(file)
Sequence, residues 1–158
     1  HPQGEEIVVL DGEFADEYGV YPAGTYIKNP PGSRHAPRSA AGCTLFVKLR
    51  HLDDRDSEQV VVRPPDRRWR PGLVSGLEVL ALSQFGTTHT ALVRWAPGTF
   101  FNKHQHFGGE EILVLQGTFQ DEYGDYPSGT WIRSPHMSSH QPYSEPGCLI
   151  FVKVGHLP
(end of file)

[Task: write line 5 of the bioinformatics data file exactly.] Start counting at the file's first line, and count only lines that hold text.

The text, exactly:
   151  FVKVGHLP